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Philosophy – Beliefs And Teaching Of Varkari Sect

The term ‘Varkari’ means a person who performs wari, an annual pilgrimage to Pandharpur in Maharashtra, where the temple of Sri Vitthal. It is the most important shrine of the Varkari sect; members visit it every year. Here is a look at the philosophy and teachings of the Varkari Sect.

Varkaris worship Shri Vitthal of Pandharpur. The God is a form of Bhagavan Sri Krishna but is supposed to be an image of Hari (Vishnu) and Hara (Shiva). They follow the Advaita (monism) philosophy and their bhakti is based on jnana. The sect is very broad-based, and among its followers there are many who worship other gods. Thus the great saint Sant Eknath, who was a devout worshipper of Dattatreya, also worshiped Rama and Krishna, as is clear from his works Bhavartha Ramayana and Eknathi Bhagavatam.

It is a firm belief of Varkaris that Bhagavan Panduranga (Vitthala) has Shiva on his head. Sant Tukaram advised them not to differentiate between Hari and Hara. Hence many Varkaris observe a fast not only on the Ekadashi day but also on Monday (Somvara – associated with Shiva).

The ancient texts which are held sacred by Varkaris include Vedas, the Bhagavad Gita, Srimad Bhagavatam, and Brahma Sutra as also Jnaneshwari, Anubhav Amrita, Ekanathi Bhagavat, Bhavartha Ramayana and abhangas of Sant Tukaram, Namadeva and other saints of Bhagavata dharma. In many of the Vitthala temples, the recitation of abhangas goes on day and night.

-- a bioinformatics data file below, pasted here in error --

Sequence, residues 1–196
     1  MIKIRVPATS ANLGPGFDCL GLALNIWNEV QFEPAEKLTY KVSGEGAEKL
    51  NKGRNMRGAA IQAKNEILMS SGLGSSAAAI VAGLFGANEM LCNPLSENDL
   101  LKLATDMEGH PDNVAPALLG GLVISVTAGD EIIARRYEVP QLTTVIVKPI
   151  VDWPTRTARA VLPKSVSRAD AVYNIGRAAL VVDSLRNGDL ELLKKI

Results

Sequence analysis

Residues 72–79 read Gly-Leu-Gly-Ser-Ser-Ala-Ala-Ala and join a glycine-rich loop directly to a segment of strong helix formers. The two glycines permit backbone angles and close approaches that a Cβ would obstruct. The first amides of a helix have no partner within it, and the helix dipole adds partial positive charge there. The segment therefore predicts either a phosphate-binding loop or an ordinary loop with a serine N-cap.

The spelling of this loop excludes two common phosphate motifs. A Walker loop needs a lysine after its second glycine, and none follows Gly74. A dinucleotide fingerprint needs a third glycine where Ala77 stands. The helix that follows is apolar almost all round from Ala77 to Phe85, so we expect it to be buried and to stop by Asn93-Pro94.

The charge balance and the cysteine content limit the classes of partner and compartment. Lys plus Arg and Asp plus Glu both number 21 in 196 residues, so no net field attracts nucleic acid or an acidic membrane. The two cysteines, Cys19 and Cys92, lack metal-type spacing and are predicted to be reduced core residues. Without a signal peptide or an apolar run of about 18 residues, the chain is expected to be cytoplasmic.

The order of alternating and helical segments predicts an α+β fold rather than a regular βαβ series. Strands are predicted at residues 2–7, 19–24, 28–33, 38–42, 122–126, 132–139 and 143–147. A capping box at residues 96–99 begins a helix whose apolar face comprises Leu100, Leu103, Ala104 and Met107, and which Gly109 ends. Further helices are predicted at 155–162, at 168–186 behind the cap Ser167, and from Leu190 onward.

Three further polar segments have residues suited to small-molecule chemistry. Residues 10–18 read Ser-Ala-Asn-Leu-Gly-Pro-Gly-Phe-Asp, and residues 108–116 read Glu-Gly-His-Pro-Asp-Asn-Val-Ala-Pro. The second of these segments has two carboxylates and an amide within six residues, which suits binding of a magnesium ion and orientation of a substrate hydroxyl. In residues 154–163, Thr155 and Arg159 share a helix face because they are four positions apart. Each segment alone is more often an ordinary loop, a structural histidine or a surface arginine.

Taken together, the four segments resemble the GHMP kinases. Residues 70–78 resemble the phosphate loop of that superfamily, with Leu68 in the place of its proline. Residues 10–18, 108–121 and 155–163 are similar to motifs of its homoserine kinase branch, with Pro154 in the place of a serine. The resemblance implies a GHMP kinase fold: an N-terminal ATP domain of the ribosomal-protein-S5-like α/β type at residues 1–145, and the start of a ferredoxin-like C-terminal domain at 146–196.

The most important aspect of Varkari is that all are treated equally and no caste or class hierarchy is followed. Their sole objective is that everybody must and is entitled to understand God. To achieve this goal no austerities or abstruse philosophies are required. What is desired is self purification and the pilgrimage (wari). One must also chant the name of God, listen to religious discourses and follow the teachings of the saints. Sant Tukaram says in his abhangs that by merely uttering the name of God at all times is the very essence of devotion, and the easiest path to realization is nama-smarana, meditation on God’s name.